darkness975

dream reaper
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Pictures of the spider and the enclosure would help. In terms of the behavior you are describing, I again would ask that you post some pictures. One possibility is that it is a mature male, in which case it would not be as interested in eating and they tend to wither away in that fashion. But we would not be able to tell you if it is a mature male until you post pictures. You can also examine it yourself, look for tibial Hooks and the boxing glove pedipalps typical of a mature male of this species. Fasting in and of itself is not unheard of especially with this species, but confirming the sex of it is an important first step in trying to figure out what's going on.
 

tiaj13

Arachnopeon
Joined
Apr 17, 2017
Messages
5
Thank you all for your replies

Check her last molt and see if her pumping stomach is still in it. They're supposed to molt the inside of their esophagus and pumping stomach, which should be a little flappy thing between the chelicerae on the inside of the molt. If it's there then perhaps molting created some sort of internal issue or she could have a disease. One of the G. roseas I had molted as an adult and withered away in a similar fashion, but would catch food, stab it with her fangs, then drop it, no eating.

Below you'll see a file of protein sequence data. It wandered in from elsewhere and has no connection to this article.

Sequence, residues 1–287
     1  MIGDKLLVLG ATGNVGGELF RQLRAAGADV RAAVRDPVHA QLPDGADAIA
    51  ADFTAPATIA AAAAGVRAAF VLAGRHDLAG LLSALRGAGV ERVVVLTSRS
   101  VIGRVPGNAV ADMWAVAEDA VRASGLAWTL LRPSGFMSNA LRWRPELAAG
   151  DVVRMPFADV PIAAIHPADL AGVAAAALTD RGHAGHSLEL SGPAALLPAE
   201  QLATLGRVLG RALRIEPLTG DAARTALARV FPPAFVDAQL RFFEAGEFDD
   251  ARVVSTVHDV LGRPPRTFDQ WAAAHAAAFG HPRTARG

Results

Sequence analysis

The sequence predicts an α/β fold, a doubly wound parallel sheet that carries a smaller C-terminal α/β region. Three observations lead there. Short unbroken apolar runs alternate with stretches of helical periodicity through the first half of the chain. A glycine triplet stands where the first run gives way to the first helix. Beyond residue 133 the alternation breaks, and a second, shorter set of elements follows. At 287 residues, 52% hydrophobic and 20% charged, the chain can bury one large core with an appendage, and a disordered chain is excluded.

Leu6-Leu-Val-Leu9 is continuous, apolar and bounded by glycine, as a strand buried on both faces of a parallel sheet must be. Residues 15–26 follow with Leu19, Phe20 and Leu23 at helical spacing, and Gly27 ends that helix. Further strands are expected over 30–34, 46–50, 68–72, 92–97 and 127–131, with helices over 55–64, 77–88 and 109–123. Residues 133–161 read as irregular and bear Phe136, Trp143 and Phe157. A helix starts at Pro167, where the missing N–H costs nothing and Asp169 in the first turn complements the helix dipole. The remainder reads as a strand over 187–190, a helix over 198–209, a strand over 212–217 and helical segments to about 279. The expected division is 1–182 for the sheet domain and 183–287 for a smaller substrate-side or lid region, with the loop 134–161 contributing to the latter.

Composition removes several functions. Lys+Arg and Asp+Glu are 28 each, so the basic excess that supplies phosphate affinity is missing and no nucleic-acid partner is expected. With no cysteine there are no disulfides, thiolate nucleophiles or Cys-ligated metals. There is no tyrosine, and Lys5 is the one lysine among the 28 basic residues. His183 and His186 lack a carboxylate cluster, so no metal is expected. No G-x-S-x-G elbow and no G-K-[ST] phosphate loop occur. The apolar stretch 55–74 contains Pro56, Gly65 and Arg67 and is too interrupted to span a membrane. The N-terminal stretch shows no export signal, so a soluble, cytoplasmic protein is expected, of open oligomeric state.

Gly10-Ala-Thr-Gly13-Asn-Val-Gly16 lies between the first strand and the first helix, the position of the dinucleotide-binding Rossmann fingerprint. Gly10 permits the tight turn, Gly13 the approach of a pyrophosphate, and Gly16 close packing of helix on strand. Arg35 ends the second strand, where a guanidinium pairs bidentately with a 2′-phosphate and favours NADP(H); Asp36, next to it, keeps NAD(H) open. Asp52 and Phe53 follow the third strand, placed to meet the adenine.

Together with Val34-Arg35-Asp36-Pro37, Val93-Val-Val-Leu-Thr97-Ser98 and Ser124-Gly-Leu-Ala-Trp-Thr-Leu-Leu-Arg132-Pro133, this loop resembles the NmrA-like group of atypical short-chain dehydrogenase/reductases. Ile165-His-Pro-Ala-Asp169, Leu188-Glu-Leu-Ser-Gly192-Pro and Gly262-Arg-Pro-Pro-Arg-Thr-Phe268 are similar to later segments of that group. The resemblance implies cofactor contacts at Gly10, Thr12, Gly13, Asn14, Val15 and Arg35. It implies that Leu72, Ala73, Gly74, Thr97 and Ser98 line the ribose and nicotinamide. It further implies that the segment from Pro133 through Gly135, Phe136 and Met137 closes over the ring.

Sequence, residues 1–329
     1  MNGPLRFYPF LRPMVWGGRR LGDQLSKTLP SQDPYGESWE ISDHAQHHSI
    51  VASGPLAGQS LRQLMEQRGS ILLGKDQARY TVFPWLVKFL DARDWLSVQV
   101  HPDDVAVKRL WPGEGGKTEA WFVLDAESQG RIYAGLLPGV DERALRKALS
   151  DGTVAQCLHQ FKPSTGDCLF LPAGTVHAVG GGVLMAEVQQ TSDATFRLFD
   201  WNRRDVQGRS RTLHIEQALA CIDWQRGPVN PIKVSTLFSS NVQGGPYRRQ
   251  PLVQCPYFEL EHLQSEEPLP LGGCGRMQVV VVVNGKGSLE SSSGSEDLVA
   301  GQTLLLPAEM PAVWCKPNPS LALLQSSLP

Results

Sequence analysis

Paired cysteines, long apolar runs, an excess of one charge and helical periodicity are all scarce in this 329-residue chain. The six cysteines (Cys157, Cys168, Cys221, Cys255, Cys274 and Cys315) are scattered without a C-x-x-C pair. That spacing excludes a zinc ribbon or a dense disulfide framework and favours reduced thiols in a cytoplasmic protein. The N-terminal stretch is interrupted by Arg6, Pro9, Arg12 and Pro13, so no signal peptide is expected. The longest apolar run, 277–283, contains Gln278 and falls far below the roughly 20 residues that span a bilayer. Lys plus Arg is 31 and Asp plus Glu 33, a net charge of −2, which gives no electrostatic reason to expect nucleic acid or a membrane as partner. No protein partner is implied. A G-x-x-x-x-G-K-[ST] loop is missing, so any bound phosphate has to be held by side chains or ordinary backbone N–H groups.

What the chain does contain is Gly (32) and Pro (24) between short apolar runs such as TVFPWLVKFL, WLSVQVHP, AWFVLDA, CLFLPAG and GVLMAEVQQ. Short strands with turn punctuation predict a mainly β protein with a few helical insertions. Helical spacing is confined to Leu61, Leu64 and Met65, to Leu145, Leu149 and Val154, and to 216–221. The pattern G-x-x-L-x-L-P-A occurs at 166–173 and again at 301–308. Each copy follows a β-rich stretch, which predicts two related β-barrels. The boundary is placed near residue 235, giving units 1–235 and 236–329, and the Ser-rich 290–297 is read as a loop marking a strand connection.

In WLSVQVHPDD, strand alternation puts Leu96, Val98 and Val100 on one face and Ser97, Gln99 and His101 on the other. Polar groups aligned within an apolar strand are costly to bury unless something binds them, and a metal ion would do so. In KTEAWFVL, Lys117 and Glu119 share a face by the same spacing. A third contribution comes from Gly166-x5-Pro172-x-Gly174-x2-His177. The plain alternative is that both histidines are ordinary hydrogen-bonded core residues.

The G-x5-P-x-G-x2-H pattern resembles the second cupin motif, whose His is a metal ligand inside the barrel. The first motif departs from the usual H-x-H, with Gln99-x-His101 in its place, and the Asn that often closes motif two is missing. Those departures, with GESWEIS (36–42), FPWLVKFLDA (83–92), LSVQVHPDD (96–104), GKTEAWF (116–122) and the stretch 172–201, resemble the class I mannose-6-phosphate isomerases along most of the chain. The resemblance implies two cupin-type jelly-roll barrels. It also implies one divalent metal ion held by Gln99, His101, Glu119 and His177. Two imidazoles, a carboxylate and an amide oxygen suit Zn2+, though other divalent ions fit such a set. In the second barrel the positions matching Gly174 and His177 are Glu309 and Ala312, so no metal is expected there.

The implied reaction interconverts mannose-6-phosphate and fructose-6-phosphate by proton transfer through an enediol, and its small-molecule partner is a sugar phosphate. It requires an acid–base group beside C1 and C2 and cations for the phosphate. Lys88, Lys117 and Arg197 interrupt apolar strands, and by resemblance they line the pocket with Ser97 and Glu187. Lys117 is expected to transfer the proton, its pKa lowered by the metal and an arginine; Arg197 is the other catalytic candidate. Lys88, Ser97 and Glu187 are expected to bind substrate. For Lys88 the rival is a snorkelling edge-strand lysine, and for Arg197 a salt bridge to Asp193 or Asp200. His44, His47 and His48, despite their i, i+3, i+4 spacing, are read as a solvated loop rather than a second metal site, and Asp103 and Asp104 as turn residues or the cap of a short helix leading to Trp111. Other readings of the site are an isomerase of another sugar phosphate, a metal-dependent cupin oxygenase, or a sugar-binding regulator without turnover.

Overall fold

Thanks. I am uploading some pics of her last molt.

Did you get her as an adult?
Yes. As I said in op I got her in 2010 and do not know how old she was then. I adopted her from someone who had gotten her from a pet store. I am sure she was wild caught. She has mellowed with age.

Pictures of the spider and the enclosure would help. In terms of the behavior you are describing, I again would ask that you post some pictures. One possibility is that it is a mature male, in which case it would not be as interested in eating and they tend to wither away in that fashion. But we would not be able to tell you if it is a mature male until you post pictures. You can also examine it yourself, look for tibial Hooks and the boxing glove pedipalps typical of a mature male of this species. Fasting in and of itself is not unheard of especially with this species, but confirming the sex of it is an important first step in trying to figure out what's going on.